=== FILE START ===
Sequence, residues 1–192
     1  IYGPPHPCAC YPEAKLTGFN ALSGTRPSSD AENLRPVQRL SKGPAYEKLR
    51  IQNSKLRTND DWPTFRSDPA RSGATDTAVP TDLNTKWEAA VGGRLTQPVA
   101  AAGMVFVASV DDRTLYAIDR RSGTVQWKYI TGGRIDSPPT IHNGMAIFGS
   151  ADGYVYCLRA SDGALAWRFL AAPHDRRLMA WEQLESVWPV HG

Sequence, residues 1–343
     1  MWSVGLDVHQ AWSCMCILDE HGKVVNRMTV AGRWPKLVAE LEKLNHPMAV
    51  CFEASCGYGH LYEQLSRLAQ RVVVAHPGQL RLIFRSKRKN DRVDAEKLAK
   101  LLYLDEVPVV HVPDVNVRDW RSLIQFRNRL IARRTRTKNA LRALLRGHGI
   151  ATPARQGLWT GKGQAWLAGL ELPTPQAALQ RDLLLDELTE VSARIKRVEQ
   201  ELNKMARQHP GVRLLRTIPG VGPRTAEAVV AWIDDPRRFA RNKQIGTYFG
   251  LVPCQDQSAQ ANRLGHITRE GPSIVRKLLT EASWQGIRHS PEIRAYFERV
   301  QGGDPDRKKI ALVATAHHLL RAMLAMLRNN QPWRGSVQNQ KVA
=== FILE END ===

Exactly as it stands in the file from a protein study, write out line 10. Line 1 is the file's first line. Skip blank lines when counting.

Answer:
   151  ATPARQGLWT GKGQAWLAGL ELPTPQAALQ RDLLLDELTE VSARIKRVEQ